Every semester at Gonzaga, a select few students are paired with GU professors to perform undergraduate research. For a lot of Zags, this whole process might seem quite mysterious, and conjure up images of students spending long days in front of computers entering row after row of data or writing down tedious lists of lab procedures. The truth, however, is a lot less mysterious and much more interesting. 

 In 2016, GU created the Center for Undergraduate Research and Creative Inquiry (CURCI) to celebrate the unique collaboration between student and faculty that is undergraduate research, as well as to publish works created by undergraduate research collaborations.

The program is one of several at GU that focus on undergraduate research but is mainly an opportunity for students to work with professors from the College of Arts and Sciences on research projects the professors are conducting. GU’s science majors also have opportunities to pursue research within the Gonzaga Science Research Program (GSRP), where they can work with STEM faculty to pursue their research interests. 

The College of Arts and Sciences also has two fellowships, the Morris Fellowship and the Killen Fellowship, which are awarded to undergraduate student researchers. The Morris Fellowship funded by Scott and Elizabeth Morris, both GU graduates, focuses on student-led undergraduate research opportunities, according to the fellowship’s website.  

The Killen Scholars Program, on the other hand, is specifically for mentoring women as leaders and researchers through their exploration of Catholicism and is funded by the Gallant family. The main undergraduate research program for GU though, by number of students, is the CURCI.  

Both students and professors involved with CURCI believe that it provides a lot of benefits for both the students and faculty. Casey Schmitt, an associate professor of communication studies, and a current CURCI faculty supervisor, believes that CURCI gives students a unique experience to grow both personally and academically. 

“I do think it is beneficial in both ways,” Schmitt said. “I think for the student it’s a chance to hone skills outside the classroom, to hone both study skills and professional skills without the looming specter of a grade.” 

On the faculty side, it helps professors free up time for teaching and streamlines the research process. 

“The faculty I think, benefit from this in a couple ways,” Schmitt said. “Obviously, when I’m writing a book, it saves me a lot of time when I have somebody there sifting through sources. Gonzaga is a teaching university, but we are also a high performed academic university, so we are expected to compete with state schools and schools with a lot of grant funding.”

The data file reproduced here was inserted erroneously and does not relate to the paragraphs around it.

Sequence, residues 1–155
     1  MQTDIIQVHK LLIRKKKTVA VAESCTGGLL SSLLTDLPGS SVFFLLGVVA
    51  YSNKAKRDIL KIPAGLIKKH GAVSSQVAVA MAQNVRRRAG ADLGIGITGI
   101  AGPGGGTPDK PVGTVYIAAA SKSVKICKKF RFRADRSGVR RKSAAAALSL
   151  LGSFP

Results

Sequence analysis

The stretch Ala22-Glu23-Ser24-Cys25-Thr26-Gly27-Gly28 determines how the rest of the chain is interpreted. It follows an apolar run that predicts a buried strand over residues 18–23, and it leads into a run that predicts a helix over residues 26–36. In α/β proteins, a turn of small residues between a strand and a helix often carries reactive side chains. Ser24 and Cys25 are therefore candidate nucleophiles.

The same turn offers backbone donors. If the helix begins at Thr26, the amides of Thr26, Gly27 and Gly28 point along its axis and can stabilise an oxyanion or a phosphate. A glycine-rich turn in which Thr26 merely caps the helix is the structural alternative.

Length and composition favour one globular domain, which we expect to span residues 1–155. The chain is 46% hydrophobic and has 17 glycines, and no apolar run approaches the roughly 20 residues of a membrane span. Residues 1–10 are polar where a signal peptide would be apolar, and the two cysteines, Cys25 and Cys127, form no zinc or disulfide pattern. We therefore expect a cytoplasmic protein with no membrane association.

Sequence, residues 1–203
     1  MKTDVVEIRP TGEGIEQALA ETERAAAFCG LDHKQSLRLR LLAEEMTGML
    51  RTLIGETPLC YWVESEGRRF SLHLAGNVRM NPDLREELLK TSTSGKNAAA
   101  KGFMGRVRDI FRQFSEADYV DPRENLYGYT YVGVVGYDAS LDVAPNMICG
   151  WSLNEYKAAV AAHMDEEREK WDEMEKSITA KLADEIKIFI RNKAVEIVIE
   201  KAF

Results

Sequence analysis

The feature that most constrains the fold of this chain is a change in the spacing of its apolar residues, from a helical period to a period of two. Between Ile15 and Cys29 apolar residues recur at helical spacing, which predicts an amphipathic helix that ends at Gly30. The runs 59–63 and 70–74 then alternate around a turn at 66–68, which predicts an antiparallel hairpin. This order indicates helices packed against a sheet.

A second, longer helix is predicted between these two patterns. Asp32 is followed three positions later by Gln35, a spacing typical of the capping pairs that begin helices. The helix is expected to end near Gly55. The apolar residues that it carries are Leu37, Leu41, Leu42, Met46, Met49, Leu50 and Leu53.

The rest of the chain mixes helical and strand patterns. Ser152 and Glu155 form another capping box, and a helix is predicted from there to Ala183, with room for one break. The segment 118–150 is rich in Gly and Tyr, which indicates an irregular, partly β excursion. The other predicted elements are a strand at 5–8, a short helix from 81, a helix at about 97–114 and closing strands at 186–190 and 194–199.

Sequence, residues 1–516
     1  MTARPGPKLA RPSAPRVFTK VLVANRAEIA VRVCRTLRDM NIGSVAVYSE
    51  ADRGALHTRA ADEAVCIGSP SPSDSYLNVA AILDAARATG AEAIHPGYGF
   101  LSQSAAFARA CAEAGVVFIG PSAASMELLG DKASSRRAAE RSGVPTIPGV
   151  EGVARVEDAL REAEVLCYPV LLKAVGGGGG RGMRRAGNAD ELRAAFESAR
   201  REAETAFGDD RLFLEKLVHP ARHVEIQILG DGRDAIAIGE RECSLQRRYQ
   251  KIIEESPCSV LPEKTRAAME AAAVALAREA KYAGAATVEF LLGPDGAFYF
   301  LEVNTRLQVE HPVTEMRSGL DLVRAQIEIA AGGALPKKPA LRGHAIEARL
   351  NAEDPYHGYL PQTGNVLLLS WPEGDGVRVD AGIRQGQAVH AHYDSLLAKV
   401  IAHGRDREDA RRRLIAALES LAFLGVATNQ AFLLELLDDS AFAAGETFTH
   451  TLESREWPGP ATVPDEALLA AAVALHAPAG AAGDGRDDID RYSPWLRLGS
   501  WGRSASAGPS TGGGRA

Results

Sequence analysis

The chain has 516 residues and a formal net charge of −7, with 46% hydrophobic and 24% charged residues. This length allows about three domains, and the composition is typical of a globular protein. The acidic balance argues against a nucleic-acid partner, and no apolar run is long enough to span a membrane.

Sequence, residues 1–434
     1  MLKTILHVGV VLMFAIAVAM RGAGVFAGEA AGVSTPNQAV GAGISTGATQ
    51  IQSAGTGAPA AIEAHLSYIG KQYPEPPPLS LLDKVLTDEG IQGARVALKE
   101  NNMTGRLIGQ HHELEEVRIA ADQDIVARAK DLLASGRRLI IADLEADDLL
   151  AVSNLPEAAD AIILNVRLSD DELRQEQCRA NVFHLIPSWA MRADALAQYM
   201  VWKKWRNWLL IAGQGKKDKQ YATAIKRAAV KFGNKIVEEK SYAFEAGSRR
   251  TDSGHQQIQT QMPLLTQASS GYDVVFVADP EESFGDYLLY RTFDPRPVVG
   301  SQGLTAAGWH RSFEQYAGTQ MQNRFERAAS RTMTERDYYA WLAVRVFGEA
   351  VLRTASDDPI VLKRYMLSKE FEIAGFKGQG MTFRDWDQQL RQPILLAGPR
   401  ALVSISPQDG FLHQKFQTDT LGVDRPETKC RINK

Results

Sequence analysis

The time commitment and length of the program can vary from professor to professor and varies based on demand. Schmitt, for example, has been writing a book for several years, but only started working with CURCI this semester when it became apparent that he needed a second hand with his research.  

“My book project, for instance, I started years ago, and it was only this semester I realized I needed help,” Schmitt said. “But there are other shorter research projects.” 

Junior Blake Fry, a business administration major and a CURCI research assistant working with Dr. Kathleen Jeffs, agreed with Schmitt that the time put into research projects can vary. 

“I am putting together a textbook with the Theatre and Arts Department,” Fry said. “I have two other jobs, so I am pretty packed, but I try to get to 10 hours a week. [The researchers] can give you as many hours as you want.” 

As a business administration major who is interning at the athletic department, one reason Fry likes the research opportunity is because it gives him a chance to see another side of GU.  

“For me, it’s a different side to what I’m usually doing. I’ve learned a lot about the theater and interdisciplinary arts,” Fry said. “It’s cool to learn more about what these professors are researching and how they structure their classes.” 

The work for undergraduate student researchers is varied, because it depends on the research topic. For example, sophomore Christa Langdon, a sociology and criminology double major, has worn a variety of different hats in her role as a research assistant for Melissa Click, an associate professor of communications. 

“My role is basically to help her with interviews or writing up transcripts or thinking up interview questions,” Langdon said. “Basically, anything she needs help with.” 

Langdon believed that the CURCI research project had helped her become a better, more disciplined researcher. 

“From this I’ve really learned how to conduct interviews,” Langdon said. “It’s helped me to learn how to do research on my own. It’s really nice because you are truly a research assistant, and you do your own research.” 

Both Fry and Langdon meet with their faculty advisors over Zoom once a week, but they both agreed that COVID-19 had made the personal connection between student and professor tougher. Schmitt echoed their thoughts in his interview. 

“The biggest downside to this year is that we don’t have that personal connection,” Schmitt said. “I used to have lunch with students and talk for an hour. That’s the biggest difference this semester.”

Riley Farmer is a staff writer.

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